The final processing step is to deep etch the silicon substrate 60. This results in the final device, as shown in FIG. 7(l). The device can now function in the manner set forth above.
 The invention has now been fully disclosed. Those skilled in the art will recognize many variations of the invention that are within the general teachings of the invention. Further, those skilled in the art will appreciate that the invention may be exploited in connection with other physical devices. For example, the invention need not be used solely in connection with direct visual read out by a human eye. The images created in accordance with the invention may be applied to an imaging device, such as a charge coupled device and then be analyzed with image processing software. In addition, the invention may be used in connection with various image enhancement devices, such as beam splitters, lenses, and filters.
FIG. 8 illustrate an image enhancement device in accordance with an embodiment of the invention. The cantilever palette 20 projects an image toward a beam splitter 92, which also receives visible light from a low-power visible light source 90. The output from the beam splitter 92 is applied to a first visible lens 94, a spatial filter 96, a second visible lens 98, and then an imaging device, such as a charge coupled device 100. The output from the imaging device 100 is applied to an image processing system 102, which may include a standard computer executing standard image processing software.
 As indicated above, incident light is diffracted by the diffraction grating. In particular, incident light is diffracted by the diffraction grating at a series of specific angles corresponding to the particular order of the diffraction. The first focusing lens 94 performs a spatial Fourier transform and generates the diffraction pattern on its focal plane. Because of the structure of the whole focal plane array, the diffraction pattern contains two different spatial frequencies: one corresponding to the periodicity of the inter-digital fingers (formed by the cantilever fingers and frame fingers), and the other corresponding to pixel-to-pixel periodicity within the cantilever array. The energy distribution between the diffraction orders depends on the relative distance between the movable and fixed inter-digital fingers. As shown in FIG. 9, the primary peaks in the diffraction pattern are determined by the high frequency part corresponding to the periodicity of the fingers, while low-frequency periodicity of the pixel provides the sub-order secondary peaks within the primary peaks. A spatial filter 96 with a 3 mm diameter clear aperture allows first order signals to pass.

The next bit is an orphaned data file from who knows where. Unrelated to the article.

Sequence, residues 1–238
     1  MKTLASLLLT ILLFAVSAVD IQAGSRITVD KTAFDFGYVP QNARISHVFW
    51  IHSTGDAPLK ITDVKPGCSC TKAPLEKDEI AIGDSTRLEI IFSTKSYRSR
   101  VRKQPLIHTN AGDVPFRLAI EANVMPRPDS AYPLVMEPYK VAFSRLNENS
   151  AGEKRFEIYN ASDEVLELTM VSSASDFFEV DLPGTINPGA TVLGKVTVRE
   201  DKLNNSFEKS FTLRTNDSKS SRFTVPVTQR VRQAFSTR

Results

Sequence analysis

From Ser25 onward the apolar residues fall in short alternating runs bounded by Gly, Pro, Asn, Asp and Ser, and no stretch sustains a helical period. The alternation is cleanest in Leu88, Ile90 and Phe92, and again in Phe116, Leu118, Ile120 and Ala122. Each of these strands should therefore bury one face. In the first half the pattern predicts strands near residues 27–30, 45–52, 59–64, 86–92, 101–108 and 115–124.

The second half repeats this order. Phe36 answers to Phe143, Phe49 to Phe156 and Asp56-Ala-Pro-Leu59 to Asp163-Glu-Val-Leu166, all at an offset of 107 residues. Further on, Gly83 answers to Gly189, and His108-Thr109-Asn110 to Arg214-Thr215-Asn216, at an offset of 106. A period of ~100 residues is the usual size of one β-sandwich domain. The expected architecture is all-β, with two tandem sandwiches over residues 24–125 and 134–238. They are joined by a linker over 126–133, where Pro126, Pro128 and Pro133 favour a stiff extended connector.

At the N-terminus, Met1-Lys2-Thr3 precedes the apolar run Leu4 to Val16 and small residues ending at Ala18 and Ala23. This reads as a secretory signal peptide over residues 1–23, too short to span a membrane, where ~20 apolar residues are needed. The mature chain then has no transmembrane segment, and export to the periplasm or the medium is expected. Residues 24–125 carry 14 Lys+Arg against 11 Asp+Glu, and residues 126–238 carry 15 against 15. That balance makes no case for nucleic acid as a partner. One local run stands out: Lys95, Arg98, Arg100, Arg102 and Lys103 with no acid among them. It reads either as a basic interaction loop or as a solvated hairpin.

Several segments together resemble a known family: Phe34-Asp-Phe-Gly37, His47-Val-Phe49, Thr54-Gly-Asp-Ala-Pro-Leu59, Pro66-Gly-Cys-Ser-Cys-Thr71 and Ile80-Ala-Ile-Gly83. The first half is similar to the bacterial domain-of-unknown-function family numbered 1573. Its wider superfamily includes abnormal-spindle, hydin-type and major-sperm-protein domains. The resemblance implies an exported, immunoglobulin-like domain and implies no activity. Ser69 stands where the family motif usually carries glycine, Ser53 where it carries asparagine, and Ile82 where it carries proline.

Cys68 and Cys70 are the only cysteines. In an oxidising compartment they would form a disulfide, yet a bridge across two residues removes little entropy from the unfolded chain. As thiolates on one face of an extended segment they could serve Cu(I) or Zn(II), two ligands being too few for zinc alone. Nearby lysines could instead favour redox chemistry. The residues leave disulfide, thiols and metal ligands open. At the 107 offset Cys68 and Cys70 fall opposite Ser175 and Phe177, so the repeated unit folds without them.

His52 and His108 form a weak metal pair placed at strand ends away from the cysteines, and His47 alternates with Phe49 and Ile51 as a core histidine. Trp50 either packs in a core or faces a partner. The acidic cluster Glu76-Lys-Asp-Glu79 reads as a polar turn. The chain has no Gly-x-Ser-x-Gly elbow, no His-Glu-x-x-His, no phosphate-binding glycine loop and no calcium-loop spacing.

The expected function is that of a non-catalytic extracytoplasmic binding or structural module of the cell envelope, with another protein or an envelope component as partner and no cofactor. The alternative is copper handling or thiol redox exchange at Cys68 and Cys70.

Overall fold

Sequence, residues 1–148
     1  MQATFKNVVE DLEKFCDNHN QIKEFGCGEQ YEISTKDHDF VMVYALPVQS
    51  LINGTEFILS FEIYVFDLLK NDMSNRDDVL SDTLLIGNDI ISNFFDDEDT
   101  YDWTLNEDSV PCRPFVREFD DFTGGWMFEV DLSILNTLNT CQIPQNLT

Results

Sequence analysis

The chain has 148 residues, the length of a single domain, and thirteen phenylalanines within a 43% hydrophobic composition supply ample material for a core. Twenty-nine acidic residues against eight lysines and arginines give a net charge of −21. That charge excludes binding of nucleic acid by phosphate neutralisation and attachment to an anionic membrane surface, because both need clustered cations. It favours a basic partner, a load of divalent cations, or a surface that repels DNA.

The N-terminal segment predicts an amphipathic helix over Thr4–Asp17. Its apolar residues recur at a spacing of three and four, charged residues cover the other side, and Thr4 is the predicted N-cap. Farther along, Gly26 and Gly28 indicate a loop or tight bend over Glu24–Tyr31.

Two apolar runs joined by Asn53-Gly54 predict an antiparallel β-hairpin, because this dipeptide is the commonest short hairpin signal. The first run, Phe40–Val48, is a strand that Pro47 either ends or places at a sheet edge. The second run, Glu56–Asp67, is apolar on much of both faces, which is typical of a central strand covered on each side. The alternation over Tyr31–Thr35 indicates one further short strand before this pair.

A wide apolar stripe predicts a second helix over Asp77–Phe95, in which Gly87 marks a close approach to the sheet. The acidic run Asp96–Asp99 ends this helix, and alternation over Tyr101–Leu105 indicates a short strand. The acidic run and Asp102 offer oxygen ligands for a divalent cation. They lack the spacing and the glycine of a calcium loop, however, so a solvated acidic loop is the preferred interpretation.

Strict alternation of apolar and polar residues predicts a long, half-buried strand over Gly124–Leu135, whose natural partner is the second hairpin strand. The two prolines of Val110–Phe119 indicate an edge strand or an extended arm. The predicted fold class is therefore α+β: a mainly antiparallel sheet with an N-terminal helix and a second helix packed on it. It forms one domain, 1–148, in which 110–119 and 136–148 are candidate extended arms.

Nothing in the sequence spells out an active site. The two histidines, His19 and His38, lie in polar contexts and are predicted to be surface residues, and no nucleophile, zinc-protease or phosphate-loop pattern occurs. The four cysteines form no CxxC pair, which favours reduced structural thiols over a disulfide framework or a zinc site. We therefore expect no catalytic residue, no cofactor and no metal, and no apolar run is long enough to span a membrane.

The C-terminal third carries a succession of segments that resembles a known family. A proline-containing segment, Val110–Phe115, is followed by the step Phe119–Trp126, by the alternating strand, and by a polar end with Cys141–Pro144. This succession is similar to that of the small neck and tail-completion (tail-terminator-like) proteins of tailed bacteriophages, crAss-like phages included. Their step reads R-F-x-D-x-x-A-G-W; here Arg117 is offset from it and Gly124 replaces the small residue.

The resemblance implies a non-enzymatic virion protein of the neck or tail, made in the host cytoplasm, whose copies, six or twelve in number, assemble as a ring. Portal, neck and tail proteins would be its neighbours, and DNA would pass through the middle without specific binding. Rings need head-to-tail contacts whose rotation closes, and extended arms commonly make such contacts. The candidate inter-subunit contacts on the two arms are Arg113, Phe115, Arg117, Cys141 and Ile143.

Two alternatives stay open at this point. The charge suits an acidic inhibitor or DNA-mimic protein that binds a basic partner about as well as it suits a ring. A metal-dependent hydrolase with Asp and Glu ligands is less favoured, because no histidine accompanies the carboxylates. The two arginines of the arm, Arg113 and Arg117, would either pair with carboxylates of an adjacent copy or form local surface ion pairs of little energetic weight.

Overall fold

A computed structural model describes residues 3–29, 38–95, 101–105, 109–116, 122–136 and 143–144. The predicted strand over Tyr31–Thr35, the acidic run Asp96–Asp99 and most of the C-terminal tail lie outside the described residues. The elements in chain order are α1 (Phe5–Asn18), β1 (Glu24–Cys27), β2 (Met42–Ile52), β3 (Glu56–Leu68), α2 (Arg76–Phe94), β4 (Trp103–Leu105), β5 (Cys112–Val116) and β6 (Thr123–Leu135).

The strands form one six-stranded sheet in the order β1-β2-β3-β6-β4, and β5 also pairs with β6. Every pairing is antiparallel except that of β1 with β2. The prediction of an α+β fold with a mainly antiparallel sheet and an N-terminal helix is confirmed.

After the first order primary peak containing the sub-order peaks pass through the spatial filter 96, a second lens 98 is used to perform an inverse Fourier transport and restores the wave-front from the spectral information. The aperture size of the spatial filter 96 is large enough to allow most of the sub-orders of the first main order to pass through. Thus, the wavefront still contains the cantilever array information.
 Variations on the structure of FIG. 8 will be recognized by those skilled in the art. For example, a subset of the components of FIG. 8 may be used to project the image directly onto a human eye. In addition, an image enhancement structure may be attached directly to the cantilever palette 20. For example, as shown in FIG. 10, the cantilever palette 20 may be attached to a pin-hole array 112 via a spacer 110. The base of the pin-hole array 112 includes a dark mirror coating 114 with pin holes 115 formed therein. Incident visible light 116 and scattered visible light 118 from the cantilevers 28 pass through the pin holes 115. Each pin hole 115 is placed directly above the diffraction grating of each pixel in the array to reduce cross talk.
 The pin hole array may be fabricated by depositing a coating of low reflectivity and transmissivity on a glass substrate and then patterning to leave 30 μm square apertures. By placing the pin hole array 350 μm away from the cantilever palette 20, it was theoretically predicted and experimentally established, that the zeroth order intensity changed from bright to dark for a relative displacement of the grating by λ/4 (λ=632 nm was the He—Ne laser wavelength used here). Since the human eye can typically detect about 200 shades of gray scale, this results in a resolution of about 1 nm for measuring cantilever deflections.
 The foregoing description, for purposes of explanation, used specific nomenclature to provide a thorough understanding of the invention. However, it will be apparent to one skilled in the art that the specific details are not required in order to practice the invention. In other instances, well known circuits and devices are shown in block diagram form in order to avoid unnecessary distraction from the underlying invention. Thus, the foregoing descriptions of specific embodiments of the present invention are presented for purposes of illustration and description. They are not intended to be exhaustive or to limit the invention to the precise forms disclosed, obviously many modifications and variations are possible in view of the above teachings. The embodiments were chosen and described in order to best explain the principles of the invention and its practical applications, to thereby enable others skilled in the art to best utilize the invention and various embodiments with various modifications as are suited to the particular use contemplated. It is intended that the scope of the invention be defined by the following claims and their equivalents.